Sunday, May 1, 2011
DALLAS: Mac's Bar-B-Que
3933 Main St
Dallas, TX 75226
Open M-F 10:45-2:15
Update: Mac's has become a regular lunch stop for me, and I made my way in again last week. I realized I had never gotten a proper tour of the pits, so Billy took me to the back to see that hickory fire in action.
The large smoker is built into the wall. There is one large fire pit on the lower right, and four large chambers to hold the bevy of meats. He's smoking briskets on a foil tray these days because it's so hard to find a supplier offering a good fat cap on the briskets. Capturing some of the run-off fat is needed to keep the briskets moist.
Another necessity is some serious security on the back door. A pipe, some welded steel and a pad lock or two keep the burglars out.
I also realized that I had never written about my usual order. This is for those of you that don't think that I like barbecue sauce. It is one of my favorite condiments, and I often enjoy it with smoked meat. It's just that I don't use it to judge the quality of the meat in my reviews. Mac's has a great sauce that is robust and smoky without too much sweetness. I love it poured over top a sandwich piled high with chopped beef and slices of hot link. All of this is wrapped in a grilled white bun, and I surround myself in napkins before commencing. The whole is certainly more than the sum of its parts.
2009: I headed over to Mac's with a friend last week. We chatted it up with Billy before ordering, and determined that he smokes with 100% hickory wood. I certainly could taste it on my two meat platter of sliced brisket and ribs. Alongside came some beans and fries.
The beans at Mac's are smoky, earthy and flavorful. Each bite packs a BBQ laced punch to the tastebuds, and their juice is great for dipping the crispy fries into. These are fries made from fresh cut potatoes and fried in hot soybean oil. This combination of sides are one of the finest in Dallas 'cue joints.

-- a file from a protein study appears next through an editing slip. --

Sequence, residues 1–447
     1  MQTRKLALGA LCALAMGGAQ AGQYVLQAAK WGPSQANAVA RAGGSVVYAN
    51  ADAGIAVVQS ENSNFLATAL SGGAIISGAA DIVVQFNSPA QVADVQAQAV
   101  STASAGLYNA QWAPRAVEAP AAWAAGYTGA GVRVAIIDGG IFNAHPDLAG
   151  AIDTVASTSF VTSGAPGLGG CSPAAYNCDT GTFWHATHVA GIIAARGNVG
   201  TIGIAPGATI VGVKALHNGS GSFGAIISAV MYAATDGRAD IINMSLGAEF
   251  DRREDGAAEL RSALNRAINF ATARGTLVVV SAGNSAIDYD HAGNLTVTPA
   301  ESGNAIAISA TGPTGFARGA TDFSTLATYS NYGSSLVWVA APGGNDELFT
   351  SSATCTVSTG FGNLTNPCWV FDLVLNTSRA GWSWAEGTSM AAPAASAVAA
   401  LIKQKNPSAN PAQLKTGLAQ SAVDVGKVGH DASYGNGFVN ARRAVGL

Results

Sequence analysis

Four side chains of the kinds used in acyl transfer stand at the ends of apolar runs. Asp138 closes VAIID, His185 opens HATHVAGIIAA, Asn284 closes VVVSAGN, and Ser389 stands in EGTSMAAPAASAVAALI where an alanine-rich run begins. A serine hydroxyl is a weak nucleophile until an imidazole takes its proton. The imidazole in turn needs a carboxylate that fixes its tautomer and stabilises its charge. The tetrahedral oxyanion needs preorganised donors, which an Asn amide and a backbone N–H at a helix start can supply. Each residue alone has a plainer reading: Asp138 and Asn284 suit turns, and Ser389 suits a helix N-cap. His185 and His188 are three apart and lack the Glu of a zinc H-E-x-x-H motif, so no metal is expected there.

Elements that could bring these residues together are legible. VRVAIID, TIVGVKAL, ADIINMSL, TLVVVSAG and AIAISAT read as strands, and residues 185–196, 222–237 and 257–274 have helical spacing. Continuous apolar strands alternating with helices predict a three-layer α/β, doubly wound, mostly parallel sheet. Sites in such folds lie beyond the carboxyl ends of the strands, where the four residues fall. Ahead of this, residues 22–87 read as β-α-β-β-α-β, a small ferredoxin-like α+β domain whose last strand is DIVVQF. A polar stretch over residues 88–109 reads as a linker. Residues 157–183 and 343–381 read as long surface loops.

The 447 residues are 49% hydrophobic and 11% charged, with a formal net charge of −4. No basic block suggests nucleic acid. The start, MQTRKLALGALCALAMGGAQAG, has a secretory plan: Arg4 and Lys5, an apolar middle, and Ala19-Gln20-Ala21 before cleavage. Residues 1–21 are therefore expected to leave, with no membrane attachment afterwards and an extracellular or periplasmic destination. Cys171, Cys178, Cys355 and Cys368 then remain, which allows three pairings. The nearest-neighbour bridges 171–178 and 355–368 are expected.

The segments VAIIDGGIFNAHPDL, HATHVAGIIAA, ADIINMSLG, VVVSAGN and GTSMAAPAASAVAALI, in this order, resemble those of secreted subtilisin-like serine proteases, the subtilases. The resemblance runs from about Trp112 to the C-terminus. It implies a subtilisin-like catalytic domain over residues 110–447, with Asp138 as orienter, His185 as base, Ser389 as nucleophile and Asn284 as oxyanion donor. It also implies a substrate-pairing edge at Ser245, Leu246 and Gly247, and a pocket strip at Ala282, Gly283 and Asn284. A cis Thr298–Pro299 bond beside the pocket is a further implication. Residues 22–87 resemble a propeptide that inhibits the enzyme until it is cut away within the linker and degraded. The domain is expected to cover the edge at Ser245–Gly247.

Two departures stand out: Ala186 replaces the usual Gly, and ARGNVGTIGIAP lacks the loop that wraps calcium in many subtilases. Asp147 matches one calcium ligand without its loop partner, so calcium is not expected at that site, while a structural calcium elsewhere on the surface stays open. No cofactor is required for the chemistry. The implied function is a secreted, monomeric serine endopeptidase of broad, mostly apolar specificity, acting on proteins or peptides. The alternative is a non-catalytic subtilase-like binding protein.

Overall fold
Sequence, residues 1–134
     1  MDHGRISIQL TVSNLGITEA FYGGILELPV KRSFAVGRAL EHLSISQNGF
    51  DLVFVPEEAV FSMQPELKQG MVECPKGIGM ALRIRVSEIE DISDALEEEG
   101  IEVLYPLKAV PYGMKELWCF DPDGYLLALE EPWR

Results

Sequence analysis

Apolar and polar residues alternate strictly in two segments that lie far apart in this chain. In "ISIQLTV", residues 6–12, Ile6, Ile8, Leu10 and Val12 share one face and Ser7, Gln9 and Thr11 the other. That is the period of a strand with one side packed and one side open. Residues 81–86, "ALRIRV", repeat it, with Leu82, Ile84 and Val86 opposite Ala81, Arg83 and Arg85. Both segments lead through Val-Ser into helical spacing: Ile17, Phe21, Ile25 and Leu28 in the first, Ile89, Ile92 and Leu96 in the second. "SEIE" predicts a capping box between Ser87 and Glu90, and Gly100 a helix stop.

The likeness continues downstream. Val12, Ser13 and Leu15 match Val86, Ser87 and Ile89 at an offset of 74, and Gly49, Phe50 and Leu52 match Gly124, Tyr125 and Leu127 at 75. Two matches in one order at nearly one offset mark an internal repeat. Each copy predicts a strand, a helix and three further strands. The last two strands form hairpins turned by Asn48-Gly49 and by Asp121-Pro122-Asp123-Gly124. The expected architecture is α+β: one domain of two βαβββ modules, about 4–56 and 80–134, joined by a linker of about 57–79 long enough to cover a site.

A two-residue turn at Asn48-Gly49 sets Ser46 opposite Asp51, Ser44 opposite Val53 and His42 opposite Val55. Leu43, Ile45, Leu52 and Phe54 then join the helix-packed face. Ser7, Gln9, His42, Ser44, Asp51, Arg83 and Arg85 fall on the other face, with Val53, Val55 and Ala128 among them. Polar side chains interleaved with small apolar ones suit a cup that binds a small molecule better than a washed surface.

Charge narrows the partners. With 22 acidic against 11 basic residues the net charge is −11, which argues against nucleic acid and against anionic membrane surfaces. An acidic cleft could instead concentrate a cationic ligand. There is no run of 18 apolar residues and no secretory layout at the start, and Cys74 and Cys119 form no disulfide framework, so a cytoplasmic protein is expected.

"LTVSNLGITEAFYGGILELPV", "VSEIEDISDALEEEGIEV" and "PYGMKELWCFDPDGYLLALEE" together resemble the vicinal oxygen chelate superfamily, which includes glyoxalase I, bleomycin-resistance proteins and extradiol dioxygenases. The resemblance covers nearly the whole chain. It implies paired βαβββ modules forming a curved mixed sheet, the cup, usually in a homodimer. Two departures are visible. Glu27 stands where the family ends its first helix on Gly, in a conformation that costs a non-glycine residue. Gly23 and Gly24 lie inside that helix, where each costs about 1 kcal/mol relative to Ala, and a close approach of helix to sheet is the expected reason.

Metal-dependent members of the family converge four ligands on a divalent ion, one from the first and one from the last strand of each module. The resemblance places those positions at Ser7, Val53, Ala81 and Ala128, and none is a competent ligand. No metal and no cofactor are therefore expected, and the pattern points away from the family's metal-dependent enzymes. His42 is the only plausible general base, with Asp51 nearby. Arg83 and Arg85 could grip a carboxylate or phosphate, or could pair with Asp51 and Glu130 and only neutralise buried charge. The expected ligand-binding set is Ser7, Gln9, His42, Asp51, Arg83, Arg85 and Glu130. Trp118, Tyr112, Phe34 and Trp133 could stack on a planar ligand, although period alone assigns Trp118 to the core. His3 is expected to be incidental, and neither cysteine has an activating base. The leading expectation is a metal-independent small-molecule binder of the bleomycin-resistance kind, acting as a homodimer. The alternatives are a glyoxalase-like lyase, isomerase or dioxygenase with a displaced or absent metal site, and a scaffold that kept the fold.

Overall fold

Oh yeah, there's meat too. Smoky moist brisket slices are fork cutting tender. Bites without crust could stand to be a bit smokier, but the overall flavor is beyond roast beef. The St. Louis style ribs have a slightly sweet rub on them with good smokiness as well. The meat is tug from the bone tender with well rendered fat throughout. Put it all together, and Mac's is good eating for sure.
2008: Mac's has been a favorite of mine for years. It's a two-person operation with Mac's son running the pit and serving up the 'cue while mom runs the register. The service is slow but charming. The building is small and located on a stretch of street that most wouldn't give a second look at, but the joint had character. This is just the conundrum that this harsh, single-minded judging causes...I have to take a place that I love for so many reasons, and ignore everything I like about it so I can sample the meat as impartially as possible. Here, the ribs were good. They had great tenderness and texture, but could have had more flavor and smoke. The brisket was monochromatic with no crust or smoke ring. It would pass for good tender roast beef, but nothing more. With all that said, I'll still return here before I make a return trip to most other joints in Dallas.
Posted by BBQ Snob at 7:57 PM
Each joint is judged on the essence of Texas 'cue...sliced brisket and pork ribs. Sausage is only considered if house made. Sauce is good, but good meat needs no adornment to satisfy. Each review can only be based on specific cuts of meat on that particular day. Finally, if the place fries up catfish or serves a caesar salad, then chances are they aren't paying enough attention to the pits, so we mostly steered clear.
-THE PROPHETS OF SMOKED MEAT
-THE PROPHETS OF SMOKED MEAT